The city of Winona would raise its tax levy by 3.9 percent and increase sewer fees by two percent in 2015 under a draft budget recommended by city staff and reviewed by the Winona City Council on Monday night. The total property tax levy for 2015 would be $4.77 million, including the first payment on an eight-year, $2.4 million bond for replacing equipment and vehicles. If approved, the 2015 levy would be the first increase in city taxes since 2012, and would pay for several infrastructure improvements and vehicle replacements. Sewer rates were raised by 6.4 percent in 2012; water rates were increased by 4.5 precent that year.
Summarizing the budget, city manager Judy Bodway said, "We're looking to put back into our coffers — or into our activities — good usable equipment and to repair our facilities as best we can. We've delayed making purchases in the past, and now it's time. We need to make those purchases."
Two new fire trucks with longer ladders and renovations to the West Fire Station garage to accommodate one of the larger vehicles will cost the city over $1.6 million. The current fire trucks are over 20 years old and to meet national fire standards, the city ought to have longer ladders to protect the city's tallest buildings, according to Winona Fire Chief Curt Bittle. City taxes will continue to be used to pay off the new fire trucks, plus $673,000 in street maintenance vehicles over the next eight years, as part of the planned equipment bond. Bodway told the council that by replacing several old vehicles now, the city will "stop the bleeding" of annual repair sots for the aging vehicles. A $150,000 project to add a pedestrian crossing at Highway 61 and Huff Street would also be included in the bonding debt.
The city plans to spend $1 million on resurfacing city streets next year. The list of streets to be resurfaced has yet to be finalized, but city staff recommended sections of Mark, Howard, King, Sanborn, and Fifth streets. Another $660,000 would go to reconstructing Franklin Street from Howard to Sarnia streets, including the replacement of the rutted railroad crossing.
During the meeting, council member George Boryzskowski asked if the park maintenance department is understaffed, noting the retirement of longtime department head Steve Jasnoch. "We're having a difficult time keeping up," Winona Public Works Director Keith Nelson replied. "We had lost a number of employees, permanent employees and part-time employees, and right now we are anticipating more retirements coming up."
The pending retirements are in addition to staffing reductions made during recent budget cuts. Park maintenance staff has been cut by five full-time equivalent positions since 2009.
In an interview following the meeting, city officials said they would replace all of the future vacancies due to retirements. For the moment, Nelson is considering utilizing workers from the Central Garage crew for park maintenance tasks.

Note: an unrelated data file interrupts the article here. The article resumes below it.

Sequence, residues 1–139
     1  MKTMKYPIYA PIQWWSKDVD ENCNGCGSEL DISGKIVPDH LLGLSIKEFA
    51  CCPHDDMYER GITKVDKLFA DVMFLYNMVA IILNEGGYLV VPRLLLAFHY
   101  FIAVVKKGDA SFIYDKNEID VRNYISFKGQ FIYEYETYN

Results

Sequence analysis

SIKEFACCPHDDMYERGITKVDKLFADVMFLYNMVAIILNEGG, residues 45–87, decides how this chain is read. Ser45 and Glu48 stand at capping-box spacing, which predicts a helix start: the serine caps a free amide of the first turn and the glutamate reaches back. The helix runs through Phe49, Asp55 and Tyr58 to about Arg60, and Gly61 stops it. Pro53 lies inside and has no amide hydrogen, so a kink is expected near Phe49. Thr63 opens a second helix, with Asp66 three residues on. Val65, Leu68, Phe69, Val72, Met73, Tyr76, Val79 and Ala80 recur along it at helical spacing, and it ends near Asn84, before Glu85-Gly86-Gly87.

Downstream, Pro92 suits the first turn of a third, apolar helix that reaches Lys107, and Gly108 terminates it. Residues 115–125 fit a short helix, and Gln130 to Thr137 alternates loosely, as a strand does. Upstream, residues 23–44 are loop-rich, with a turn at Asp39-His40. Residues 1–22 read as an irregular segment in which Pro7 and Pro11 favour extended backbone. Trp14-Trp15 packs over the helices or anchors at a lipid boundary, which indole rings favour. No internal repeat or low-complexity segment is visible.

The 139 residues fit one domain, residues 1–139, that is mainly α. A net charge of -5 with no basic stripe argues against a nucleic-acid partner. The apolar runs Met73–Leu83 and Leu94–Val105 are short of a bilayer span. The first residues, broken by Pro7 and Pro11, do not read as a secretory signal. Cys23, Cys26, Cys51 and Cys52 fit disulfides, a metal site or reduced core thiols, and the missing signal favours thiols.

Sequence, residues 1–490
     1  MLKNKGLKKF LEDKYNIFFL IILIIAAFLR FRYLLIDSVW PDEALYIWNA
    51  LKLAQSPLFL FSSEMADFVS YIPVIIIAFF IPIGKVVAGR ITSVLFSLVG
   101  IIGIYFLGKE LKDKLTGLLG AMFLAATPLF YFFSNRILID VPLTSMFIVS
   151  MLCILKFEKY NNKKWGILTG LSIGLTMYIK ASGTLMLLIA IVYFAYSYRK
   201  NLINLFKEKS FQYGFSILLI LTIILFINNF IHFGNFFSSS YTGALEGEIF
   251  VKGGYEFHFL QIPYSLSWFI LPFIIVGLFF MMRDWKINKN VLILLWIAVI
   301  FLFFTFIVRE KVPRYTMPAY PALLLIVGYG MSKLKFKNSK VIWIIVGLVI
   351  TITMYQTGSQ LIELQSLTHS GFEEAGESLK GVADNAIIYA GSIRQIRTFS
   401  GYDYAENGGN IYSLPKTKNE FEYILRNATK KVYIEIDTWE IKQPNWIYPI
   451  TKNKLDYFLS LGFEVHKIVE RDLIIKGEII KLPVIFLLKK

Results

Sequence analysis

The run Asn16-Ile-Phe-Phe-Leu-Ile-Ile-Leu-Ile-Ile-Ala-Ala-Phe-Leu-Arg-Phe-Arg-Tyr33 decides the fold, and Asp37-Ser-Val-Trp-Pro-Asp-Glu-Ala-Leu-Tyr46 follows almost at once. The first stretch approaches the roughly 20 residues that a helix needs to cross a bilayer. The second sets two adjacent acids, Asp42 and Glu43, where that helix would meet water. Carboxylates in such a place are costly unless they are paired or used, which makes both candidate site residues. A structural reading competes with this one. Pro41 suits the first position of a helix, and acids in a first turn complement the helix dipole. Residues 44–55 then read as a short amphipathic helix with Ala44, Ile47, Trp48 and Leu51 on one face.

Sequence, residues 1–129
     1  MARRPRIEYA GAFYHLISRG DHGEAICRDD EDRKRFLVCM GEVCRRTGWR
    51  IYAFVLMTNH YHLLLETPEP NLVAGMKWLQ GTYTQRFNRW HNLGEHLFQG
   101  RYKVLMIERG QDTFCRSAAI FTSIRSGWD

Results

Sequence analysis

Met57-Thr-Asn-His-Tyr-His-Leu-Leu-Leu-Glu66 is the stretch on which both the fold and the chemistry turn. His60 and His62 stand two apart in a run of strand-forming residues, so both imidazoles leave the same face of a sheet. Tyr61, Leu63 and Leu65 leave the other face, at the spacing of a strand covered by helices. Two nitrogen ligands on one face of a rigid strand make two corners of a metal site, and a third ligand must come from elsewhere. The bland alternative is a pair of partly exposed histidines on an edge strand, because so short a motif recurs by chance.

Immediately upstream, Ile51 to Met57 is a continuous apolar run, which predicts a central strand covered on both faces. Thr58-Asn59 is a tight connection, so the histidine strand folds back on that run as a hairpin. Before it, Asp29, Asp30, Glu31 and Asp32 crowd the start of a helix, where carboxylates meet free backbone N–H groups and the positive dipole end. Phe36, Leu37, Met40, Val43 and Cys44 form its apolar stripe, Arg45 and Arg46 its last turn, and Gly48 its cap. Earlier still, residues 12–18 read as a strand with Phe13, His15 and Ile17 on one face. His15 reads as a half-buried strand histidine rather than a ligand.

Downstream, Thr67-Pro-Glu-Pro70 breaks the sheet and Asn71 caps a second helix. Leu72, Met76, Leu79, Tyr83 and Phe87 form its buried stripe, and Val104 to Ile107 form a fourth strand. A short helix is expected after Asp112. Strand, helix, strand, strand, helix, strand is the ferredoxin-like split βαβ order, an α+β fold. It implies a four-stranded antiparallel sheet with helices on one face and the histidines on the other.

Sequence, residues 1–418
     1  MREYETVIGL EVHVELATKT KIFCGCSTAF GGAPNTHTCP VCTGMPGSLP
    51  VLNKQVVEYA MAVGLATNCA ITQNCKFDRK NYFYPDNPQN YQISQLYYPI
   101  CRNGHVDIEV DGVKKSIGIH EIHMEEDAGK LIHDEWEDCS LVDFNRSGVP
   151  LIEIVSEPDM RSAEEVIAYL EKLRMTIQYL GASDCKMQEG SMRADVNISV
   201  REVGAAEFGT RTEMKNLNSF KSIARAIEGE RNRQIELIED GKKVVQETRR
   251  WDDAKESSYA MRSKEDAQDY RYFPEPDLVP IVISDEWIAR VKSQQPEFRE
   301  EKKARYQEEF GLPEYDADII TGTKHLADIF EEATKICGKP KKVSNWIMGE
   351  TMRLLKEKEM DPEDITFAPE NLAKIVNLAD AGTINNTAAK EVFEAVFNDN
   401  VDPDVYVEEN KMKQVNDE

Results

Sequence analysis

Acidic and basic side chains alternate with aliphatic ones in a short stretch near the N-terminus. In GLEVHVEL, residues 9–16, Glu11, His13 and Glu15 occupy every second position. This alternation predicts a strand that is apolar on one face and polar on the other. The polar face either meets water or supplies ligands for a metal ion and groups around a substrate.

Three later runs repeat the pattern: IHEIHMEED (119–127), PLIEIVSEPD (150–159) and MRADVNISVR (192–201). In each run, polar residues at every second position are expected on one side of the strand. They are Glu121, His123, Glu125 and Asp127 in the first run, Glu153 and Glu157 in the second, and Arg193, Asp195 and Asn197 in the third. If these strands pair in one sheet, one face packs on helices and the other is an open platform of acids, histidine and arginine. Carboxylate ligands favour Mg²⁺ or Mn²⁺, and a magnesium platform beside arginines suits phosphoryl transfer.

Reserves, utility rates, and annexation
The city would spend $2.3 million in utility reserves under the proposed budget. Utility reserves are funded by sewer and water fees and are supposed to be used for replacing aging parts of the city sewer and water system. In recent years, the city has increased sewer and water rates for all residents and spent part of its reserves on extending city pipes to new annexation areas.
Much of the $2.3 million will be used to replace aging systems that serve areas within the city proper. The Mankato Avenue lift station that pumps most of Winona's waste water out to the waste water treatment plant will be overhauled for $1.3 million, for example. However, the city will also spend $750,000 to install a water tower to service recently annexed homes in Pleasant Valley and the nearby area.
Borzyskowski asked Nelson if the city could handle continued annexation, including annexations by the city of Goodview, which pays Winona to handle its waste water. "Absolutely," Nelson replied. "We're still at a little over 50 percent of capacity for the [waste water treatment] plant, so we still have room for growth, which is great," he continued.
Winona plans to discuss continued annexation of Wilson Township this year, according to Bodway. With agreed-upon limits on further annexation expiring next year, the city will be free to pursue absorbing more of the township in 2015. The city's comprehensive plan calls for extending the city limits and city pipes south all the way to the Interstate 90 interchange.
Nelson explained to the council that the two percent hike in sewer rates is needed in part to make up for increased conservation of sewer use among businesses.
The remaining roughly quarter-of-a-million dollars in 2015 utility reserves spending will fund well maintenance, new vehicles for the waste water treatment plant, an inspection camera for surveying city pipes, and an engine replacement for the waste water treatment plant's methane burner. The electricity-producing methane burner failed to burn methane for the first several years of its operation and failed to achieve the "guaranteed" savings promised by Seattle-based McKinstry engineering. City staff members report that the methane burner has been working for the past year.